From a method aspect, the invention includes a method of identifying, detecting, or measuring a gas or liquid borne substance or substances comprising providing an plurality of sensors which respond differently from each other to given substances, arranging for the sensors each to be exposed to the substance or substances to be identified, detected or measured, feeding electrical outputs from the sensors to electrical circuitry to generate a plurality of electrical signal values related to substance concentration, said electrical circuitry compensating for non-linear output versus substance concentration characteristics of the sensors whereby said signal values are linearly related to substance concentration, and performing a mathematical operation on the said signal values to generate information relating to the identity or presence of the substance to be identified or detected and/or the concentration of the said substance.
The particular form of the preferred apparatus may vary according to the substances to be detected and according to whether the substances are gases, vapours, liquids, or particulate solids, and gas or liquid borne.
The invention will now be described by way of example with reference to the drawings in which:
FIG. 1 is a block diagram of a first model "nose" in accordance with the invention;
FIG. 2 is a block diagram of a second model "nose" in accordance with the invention; and
FIG. 3 is a circuit diagram of a sensor and a portion of an electrical input stage for use in the apparatus of FIG. 1 or FIG. 2.
Referring to FIG. 1, a electronic model "nose" having properties akin to that of the mammalian olfactory system has a plurality of sensors arranged in an array 10 so that the sensors may be exposed simultaneously to a substance to be identified or detected. Each sensor has a response characteristic which is different from those of the other sensors over a wide range of detectable odorants, so that different patterns of electrical outputs are generated when the array 10 is exposed to different substances, or mixtures of substances.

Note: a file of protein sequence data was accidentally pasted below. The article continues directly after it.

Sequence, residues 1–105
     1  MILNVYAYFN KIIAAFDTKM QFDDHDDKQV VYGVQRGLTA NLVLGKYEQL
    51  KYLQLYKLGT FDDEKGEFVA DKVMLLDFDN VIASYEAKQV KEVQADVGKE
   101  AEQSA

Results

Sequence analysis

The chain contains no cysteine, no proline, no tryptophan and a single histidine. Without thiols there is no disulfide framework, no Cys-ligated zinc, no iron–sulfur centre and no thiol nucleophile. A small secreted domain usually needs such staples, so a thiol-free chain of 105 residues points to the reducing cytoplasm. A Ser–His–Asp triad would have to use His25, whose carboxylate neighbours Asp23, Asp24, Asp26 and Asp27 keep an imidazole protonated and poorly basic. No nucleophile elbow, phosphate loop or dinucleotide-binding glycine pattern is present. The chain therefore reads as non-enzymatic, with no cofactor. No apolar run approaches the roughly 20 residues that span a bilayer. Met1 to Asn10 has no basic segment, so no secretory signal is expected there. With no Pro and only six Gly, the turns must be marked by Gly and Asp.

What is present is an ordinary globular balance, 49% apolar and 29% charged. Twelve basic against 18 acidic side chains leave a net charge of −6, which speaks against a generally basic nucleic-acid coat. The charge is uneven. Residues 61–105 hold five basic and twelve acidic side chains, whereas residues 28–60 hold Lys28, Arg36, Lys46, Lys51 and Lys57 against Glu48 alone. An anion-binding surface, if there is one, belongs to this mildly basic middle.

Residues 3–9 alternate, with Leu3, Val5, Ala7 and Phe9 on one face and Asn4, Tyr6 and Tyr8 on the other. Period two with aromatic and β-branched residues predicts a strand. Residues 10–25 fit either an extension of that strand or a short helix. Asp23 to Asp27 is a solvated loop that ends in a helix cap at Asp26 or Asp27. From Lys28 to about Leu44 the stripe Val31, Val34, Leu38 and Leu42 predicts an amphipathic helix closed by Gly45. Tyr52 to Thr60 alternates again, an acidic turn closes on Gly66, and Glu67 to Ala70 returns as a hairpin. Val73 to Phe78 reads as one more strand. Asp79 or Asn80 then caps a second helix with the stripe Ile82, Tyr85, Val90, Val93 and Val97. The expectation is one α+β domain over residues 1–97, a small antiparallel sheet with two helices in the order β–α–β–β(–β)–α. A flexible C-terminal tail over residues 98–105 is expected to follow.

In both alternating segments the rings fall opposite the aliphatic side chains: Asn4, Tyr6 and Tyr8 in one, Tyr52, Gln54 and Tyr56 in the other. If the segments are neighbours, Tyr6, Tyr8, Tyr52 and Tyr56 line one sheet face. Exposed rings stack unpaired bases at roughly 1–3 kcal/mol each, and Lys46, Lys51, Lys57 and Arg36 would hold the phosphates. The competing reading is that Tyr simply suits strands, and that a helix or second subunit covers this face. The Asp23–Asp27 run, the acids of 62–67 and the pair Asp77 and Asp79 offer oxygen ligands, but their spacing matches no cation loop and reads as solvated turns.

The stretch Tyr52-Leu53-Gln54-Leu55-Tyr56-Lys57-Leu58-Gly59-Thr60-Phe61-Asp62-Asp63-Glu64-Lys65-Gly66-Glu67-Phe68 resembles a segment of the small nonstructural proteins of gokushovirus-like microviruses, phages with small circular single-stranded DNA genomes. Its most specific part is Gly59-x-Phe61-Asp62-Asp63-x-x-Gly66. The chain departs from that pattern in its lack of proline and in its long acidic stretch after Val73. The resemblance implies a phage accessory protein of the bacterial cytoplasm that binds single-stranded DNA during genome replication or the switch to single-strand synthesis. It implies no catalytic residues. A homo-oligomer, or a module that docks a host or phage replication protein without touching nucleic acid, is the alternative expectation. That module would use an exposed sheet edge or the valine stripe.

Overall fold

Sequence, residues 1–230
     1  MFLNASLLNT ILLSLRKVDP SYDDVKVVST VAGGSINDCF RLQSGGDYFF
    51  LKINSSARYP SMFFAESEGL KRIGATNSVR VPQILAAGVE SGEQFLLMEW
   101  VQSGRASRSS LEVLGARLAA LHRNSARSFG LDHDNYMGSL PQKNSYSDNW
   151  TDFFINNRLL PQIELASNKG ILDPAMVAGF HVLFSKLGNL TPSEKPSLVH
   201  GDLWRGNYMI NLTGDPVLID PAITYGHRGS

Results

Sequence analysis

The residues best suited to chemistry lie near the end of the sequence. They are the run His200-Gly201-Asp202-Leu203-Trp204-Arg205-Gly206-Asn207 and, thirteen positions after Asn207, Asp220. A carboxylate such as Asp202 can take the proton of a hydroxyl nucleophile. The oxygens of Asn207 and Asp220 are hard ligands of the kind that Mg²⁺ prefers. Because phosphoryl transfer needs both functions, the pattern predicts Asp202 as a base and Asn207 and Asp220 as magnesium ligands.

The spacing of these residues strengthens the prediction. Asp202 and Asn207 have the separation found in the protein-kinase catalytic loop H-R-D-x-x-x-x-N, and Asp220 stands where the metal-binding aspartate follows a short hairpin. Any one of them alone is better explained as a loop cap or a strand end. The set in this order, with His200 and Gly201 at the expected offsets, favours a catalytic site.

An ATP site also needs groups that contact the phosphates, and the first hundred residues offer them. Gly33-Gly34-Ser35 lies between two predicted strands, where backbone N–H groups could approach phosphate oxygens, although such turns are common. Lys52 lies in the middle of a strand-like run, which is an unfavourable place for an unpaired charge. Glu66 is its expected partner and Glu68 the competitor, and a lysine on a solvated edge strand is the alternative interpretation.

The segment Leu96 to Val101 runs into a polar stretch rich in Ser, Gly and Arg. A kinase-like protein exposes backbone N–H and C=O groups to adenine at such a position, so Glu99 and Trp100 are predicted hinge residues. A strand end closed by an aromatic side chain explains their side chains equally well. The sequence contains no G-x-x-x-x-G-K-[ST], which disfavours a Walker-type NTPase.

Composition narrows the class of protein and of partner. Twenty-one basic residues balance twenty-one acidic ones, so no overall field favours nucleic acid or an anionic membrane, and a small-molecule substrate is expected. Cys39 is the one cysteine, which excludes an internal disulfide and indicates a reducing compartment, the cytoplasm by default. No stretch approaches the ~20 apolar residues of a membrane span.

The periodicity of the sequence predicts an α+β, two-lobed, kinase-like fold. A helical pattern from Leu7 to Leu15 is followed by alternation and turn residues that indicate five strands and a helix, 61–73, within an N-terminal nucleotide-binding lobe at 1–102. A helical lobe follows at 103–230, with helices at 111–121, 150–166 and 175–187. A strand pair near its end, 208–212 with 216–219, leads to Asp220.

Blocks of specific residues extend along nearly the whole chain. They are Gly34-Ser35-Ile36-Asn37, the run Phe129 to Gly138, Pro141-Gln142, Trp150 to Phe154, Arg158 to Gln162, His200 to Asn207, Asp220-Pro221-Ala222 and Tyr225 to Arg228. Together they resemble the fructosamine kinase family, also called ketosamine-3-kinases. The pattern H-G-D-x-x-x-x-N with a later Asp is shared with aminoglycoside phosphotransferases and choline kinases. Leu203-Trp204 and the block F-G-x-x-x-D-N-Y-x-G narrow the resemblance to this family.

In the embodiment of FIG. 1, the sensors are coupled to a multiplexer 12 which sequentially couples each sensor in turn to a load element or potential divider element 14, the precise form of which depends on the nature of the sensors used. This element may also comprise a circuit which compensates for non-linear sensor characteristics. For instance, it may form one arm of a potential divider, the arm having a non-linear impedance characteristic, or it may include an operational amplifier circuit with a non-linear transfer function. In any event, the element 14 in combination with each sensor produces an electrical signal having a characteristic, e.g. voltage, which varies linearly with substance concentration over a predetermined range.
The load or divider element 14 is coupled to an A to D converter 16 which is in turn coupled to an input port of a microcomputer 18. It will be appreciated that, with the combined operation of the multiplexer 12, element 14, and converter 16, the microprocessor is presented with a series of digital samples each representing a partiuclar sensor and each having a value which is linearly related to the concentration of a substance or substances to which the array of sensors 10 is exposed. The value of each sample may therefore be expressed by the linear equation:
Vn =an C1 +bn C2 +cn C3 +
where Vn is the value yielded by a sensor n, C1, C2, etc. are the concentration of first, second, third etc. substances, and an, bn, cn, etc. are constants characteristic of the sensor n. When the microcomputer 18 has received and stored a complete set of such samples corresponding to the whole array of sensors, the resulting set of linear equations may be solved by relatively straightforward calculation based on the principle of superposition. In this way, under the control of the program, values of C1, C2, C3, etc. are yielded, provided that the computer is given values for the coefficients an, bn, etc., which would be obtained by exposing the array 10 to known "doses" of selected known substances. Indeed, the computer 18 can be programmed to calculate and "learn" the coefficients associated with the particular array of sensors to which it is connected.
Having obtained values for C1, C2, C3, etc., it is then possible to display the result in a display 20 coupled to the computer as, for example, a list of substances and their concentrations.
A variation on the embodiment of FIG. 1, is illustrated in FIG. 2. In this case the load or divider element 14 of FIG. 1 is replaced by several such elements 24 each connected to a respective sensor. This allows different compensation responses to be used for different sensors if necessary. As before, the signals are multiplexed by a multiplexer 26 to generate a serial output for digitisation, analysis, and display.